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Mul Ga Chi – Tech

 (Mul Ga-Chi) (“The Way of Water”)

  • Based on the ancient Korean fighting style from the legend of the Wa Dong Do, Mul Ga-Chi is a style of defense and offense that allows the body to be positioned such that one can avoid being hit by the statistically proven angles of incoming arrows from assailants. It also grants the practitioner perfect vectors and angles from which to counter attack improving the practitioner’s accuracy by more than 185%.
  • “The Way of Water” comes from the commonly known physical law that water will avoid an incoming object rather than resist it. Water “moves around” a branch that enters a lake thereby surrounding it, penetrating it, and ultimately subduing it. The amount of speed and focus required to accurately and repeatedly avoid arrows is nearly impossible for all but the most serious of practitioners.
  • John Rutgers has created an altered version of Mul Ga-Chi based on the teachings of his instructor Master Chung. This new and more advanced teaching allows for the avoidance of bullets and counter attack. Moreover, his variance on the ancient art further perfects weapon aiming and bullet deflection using guns themselves as shields.
  • The secret of this art is in observing the feet of the attackers and creating a mental picture based on the angle of the attacker’s weapon. Having the rote knowledge of multiple positions and vectors that will move the practitioner away from potential incoming fire, the practitioner can instantly step into such a pose, avoid incoming fire and have more than enough time to return fire. To the assailant, it appears as though the practitioner is “stepping out of the way of the bullets/arrows” when, in fact, the practitioner “knows” what the assailant will do before he does. Naturally, the ability to “keep moving” makes any target far more difficult to hit, but the Mul Ga Chi practitioner knows where to move before a round or arrow is fired. This makes the practitioner nearly impervious to trajectory weapons. Blended with acrobatics and strength, the Mul Ga Chi practitioner can literally walk up to an armed assailant and disarm them at close range.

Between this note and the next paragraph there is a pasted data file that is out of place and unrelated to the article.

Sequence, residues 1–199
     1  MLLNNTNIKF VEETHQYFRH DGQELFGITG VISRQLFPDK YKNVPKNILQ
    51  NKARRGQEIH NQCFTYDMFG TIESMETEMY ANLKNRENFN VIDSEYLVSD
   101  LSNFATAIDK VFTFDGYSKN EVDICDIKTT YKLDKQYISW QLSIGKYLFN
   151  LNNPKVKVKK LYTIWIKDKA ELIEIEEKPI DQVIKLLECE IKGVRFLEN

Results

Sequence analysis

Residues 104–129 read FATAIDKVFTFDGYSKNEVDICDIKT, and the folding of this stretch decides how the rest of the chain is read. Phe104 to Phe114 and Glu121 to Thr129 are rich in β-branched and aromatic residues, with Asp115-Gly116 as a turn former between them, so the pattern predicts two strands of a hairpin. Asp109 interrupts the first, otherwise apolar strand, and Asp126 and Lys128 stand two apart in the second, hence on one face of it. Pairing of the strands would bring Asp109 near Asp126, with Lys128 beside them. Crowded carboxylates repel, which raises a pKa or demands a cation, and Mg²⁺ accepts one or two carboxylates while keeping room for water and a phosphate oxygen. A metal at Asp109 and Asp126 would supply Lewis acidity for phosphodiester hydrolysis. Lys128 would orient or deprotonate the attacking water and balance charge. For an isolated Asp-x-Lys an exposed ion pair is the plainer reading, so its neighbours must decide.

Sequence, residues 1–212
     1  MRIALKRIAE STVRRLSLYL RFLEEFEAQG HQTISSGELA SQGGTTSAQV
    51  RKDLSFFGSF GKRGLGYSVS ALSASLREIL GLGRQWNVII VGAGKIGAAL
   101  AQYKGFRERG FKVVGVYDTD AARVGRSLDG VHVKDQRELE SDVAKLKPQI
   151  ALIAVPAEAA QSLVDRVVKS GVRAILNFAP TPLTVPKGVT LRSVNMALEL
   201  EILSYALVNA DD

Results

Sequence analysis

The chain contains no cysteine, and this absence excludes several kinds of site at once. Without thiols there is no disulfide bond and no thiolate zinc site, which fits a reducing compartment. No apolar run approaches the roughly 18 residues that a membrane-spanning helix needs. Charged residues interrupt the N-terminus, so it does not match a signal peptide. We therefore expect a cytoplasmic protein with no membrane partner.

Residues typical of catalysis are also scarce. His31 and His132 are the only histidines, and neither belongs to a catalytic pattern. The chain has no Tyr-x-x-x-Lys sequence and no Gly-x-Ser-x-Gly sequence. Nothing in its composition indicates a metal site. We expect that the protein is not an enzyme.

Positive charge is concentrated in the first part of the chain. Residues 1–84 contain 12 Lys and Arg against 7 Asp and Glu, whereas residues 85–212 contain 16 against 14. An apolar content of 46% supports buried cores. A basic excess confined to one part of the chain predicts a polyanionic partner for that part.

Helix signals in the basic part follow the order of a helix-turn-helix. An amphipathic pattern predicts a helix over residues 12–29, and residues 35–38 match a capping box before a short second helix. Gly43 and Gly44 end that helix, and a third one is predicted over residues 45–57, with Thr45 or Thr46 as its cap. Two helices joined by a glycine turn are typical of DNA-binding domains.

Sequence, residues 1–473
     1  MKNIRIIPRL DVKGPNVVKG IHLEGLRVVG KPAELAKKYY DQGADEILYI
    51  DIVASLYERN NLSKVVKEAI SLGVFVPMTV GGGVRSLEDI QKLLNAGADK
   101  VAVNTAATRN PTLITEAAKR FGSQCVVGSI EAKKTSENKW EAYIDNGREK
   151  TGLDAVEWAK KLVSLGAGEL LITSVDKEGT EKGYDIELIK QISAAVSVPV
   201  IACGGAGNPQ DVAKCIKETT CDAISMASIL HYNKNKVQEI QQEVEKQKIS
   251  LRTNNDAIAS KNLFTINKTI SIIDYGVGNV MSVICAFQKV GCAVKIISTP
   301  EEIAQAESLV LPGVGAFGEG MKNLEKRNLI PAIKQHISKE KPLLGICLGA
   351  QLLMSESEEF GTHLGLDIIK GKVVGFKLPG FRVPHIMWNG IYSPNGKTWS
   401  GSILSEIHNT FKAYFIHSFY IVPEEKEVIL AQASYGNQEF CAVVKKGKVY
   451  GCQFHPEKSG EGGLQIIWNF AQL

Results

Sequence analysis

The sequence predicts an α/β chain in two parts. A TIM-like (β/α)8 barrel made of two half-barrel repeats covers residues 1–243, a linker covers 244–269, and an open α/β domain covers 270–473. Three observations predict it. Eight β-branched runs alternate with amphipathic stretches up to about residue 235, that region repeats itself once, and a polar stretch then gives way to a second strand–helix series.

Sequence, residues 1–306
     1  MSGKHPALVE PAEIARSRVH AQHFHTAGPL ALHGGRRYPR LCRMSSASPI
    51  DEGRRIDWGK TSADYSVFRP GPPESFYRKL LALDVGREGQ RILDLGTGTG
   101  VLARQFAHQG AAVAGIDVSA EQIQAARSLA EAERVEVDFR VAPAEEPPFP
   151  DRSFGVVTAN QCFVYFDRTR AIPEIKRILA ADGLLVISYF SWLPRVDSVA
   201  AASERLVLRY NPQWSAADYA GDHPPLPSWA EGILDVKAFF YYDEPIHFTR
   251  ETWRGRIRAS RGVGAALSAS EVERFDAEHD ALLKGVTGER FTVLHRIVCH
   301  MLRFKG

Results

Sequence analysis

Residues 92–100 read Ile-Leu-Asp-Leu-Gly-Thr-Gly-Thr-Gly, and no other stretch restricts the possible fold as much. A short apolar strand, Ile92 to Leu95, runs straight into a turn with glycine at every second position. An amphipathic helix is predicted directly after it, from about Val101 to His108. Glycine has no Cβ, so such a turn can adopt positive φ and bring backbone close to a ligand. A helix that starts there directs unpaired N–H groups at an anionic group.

• Mul Ga Chi was developed over several hundred years during the Japanese occupation of Korea. The now legendary fighting group called the brothers of the “Wa Dang Do,” developed this art to defeat the rows of archers that the Japanese would send against villages – who had been summarily disarmed by the Japanese. Within one generation, the Wa Dang Do had trained the people of Korea to reasonably survive the Japanese archer attacks in addition to be able to survive sword attacks from multiple Japanese assailants at once. The Wa Dang Do, itself, defeated thousands of archers by systematically approaching the archery lines at a walking pace – all the while the archers doing their best to shoot them and expending arrows. Within 10 years, the Japanese had lost so many archers, that they were forced to abandon the use of archers on the peninsula for fear that their military advantage over the Chinese (which they were at war with) would be lost, and the motherland be overrun by Chinese crossbowmen. The Art was largely lost in the 19th Century when the Japanese invaded again with gunpowder weapons. The ability to avoid munitions traveling at over 600 ft/sec was far more difficult for the Korean practitioners, since the Wa Dang Do brotherhood had long since dissolved. It was discovered in ancient manuscripts by Korean Master Chong, and with several of his genius modifications he developed it and accurately learned to avoid gunfire of weapons that throw slugs at over 3,000 feet a second.

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